STUC Helen Dowie Award for Lifelong Learning
The Helen Dowie Award for Lifelong Learning recognises outstanding trade unionists who continue to demonstrate their commitment to union values and lead the learning movement forward in Scotland.
The award is named in honour of Helen Dowie, who was involved in the trade union movement in Fife for most of her adult life. She worked in Rosyth Dockyard for twenty years and was active within the civil service unions. Through her union, Helen organised the yard, campaigned on initiatives and supported many workers. She took the union into the community through the organisation of the Rosyth Festival and music events, highlighting important union campaigns.
Along with her partner, Mike Morris, Helen started the Trades Council News in Fife. By writing, printing, editing and distributing the newssheet, Helen and Mike kept union members aware of the issues and also spread the word more widely throughout Fife. Helen and Mike made many solid friendships through their union involvement.
Helen worked to support the development of education and learning in Scotland. She was a key player in supporting the development of the lifelong learning agenda that union members know today, and she worked hard to secure financial backing to support unions in developing the role of the Union Learning Representative.
Helen’s life was devoted to supporting others through the trade union movement, and her untimely death was mourned by trade unionists throughout Scotland. This award commemorates Helen’s lifetime achievements in lifelong learning by recognising other trade unionists who work to champion union learning in Scotland.
Unite the Union ULR
The fourth annual STUC Helen Dowie Award for Lifelong Learning recipient was James Lillis. James is a Unite Union Learning Representative at First Glasgow, and he lives in Govan.
In his role, James makes learning opportunities accessible to all employees at First Glasgow. There are a large number of Eastern European migrant workers within the bus depot, so James learned to speak Polish. This has enabled him to help the migrant workers, and these workers return the favour by studying “Glaswegian”.
The third annual STUC Helen Dowie Award for Lifelong Learning recipient was Audrey McJimpsey. Audrey is a Community Union Learning Representative at RSBi Blindcraft in Springburn, Glasgow, and she lives in Carluke.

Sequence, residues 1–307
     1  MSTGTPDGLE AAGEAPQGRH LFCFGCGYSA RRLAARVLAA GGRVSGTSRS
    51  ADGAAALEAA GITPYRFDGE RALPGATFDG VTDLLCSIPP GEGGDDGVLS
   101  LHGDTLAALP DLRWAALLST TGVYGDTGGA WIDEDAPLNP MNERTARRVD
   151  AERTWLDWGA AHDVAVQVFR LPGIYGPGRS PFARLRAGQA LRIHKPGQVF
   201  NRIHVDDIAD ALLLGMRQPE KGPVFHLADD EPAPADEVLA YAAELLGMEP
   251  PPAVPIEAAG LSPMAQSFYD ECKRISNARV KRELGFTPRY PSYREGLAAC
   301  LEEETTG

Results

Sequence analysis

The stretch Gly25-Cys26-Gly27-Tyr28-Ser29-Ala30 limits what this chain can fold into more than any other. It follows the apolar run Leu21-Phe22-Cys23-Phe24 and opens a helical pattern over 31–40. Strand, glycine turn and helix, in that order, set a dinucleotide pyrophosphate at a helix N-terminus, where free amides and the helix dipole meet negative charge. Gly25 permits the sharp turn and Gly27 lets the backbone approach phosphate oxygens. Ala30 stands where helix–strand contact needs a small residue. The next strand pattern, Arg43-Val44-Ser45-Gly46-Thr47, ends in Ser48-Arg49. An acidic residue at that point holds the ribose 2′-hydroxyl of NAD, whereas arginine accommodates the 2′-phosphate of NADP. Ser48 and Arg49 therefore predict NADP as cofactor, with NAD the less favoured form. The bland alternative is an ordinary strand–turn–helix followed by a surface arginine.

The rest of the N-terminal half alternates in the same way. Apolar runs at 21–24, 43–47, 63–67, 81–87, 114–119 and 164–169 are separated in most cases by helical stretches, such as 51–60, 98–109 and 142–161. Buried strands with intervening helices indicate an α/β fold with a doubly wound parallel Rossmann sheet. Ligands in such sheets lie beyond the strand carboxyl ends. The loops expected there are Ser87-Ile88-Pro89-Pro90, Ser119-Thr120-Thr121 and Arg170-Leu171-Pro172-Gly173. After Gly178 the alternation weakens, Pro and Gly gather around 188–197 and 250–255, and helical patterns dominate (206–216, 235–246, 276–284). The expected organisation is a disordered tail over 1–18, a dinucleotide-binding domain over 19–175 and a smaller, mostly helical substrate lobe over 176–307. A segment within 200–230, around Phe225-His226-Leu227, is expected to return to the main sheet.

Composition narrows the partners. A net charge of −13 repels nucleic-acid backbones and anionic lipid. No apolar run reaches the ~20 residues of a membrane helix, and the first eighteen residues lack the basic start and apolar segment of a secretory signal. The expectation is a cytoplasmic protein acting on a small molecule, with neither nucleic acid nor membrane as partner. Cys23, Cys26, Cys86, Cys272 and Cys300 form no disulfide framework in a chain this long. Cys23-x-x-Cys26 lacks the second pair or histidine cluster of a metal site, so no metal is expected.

Audrey has been very active within the trade union movement since 1986, and currently supports local initiatives to promote union activity, especially union learning. She represents 100 members in her role as a Learning Rep within RSBi. A large percentage of the workforce is disabled at RSBi Blindcraft and Audrey has encouraged more than 75% of the workers to take up learning opportunities.
Audrey was presented with the third annual award at the STUC Annual Congress in Inverness in April 2008 by then Prime Minister Gordon Brown.
PCS Branch Co-ordinator
The second annual STUC Helen Dowie Award for Lifelong Learning recipient was Rachael Bonner.
Rachael is a PCS Regional Learning Officer for HM Revenue and Customs in Cumbernauld. She has been pivotal in assisting PCS Scotland Learning Services in developing a sustainable learning structure within all of the HMRC branches in Scotland.
The first annual STUC Helen Dowie Award for Lifelong Learning recipient was Helen Douglas, a Union Learning Representative for Unite at Remploy in Clydebank.
Helen suffered from polio as a child and is disabled as a result. She was chosen to receive this award because, although she had an extremely negative experience of education and developed tremendous psychological barriers to learning, Helen is straight talking and pro-active, and works hard to break down stigma and physical barriers to learning while negotiating with providers to meet the needs of members of Unite: Amicus and Community, the two unions in Remploy Clydebank.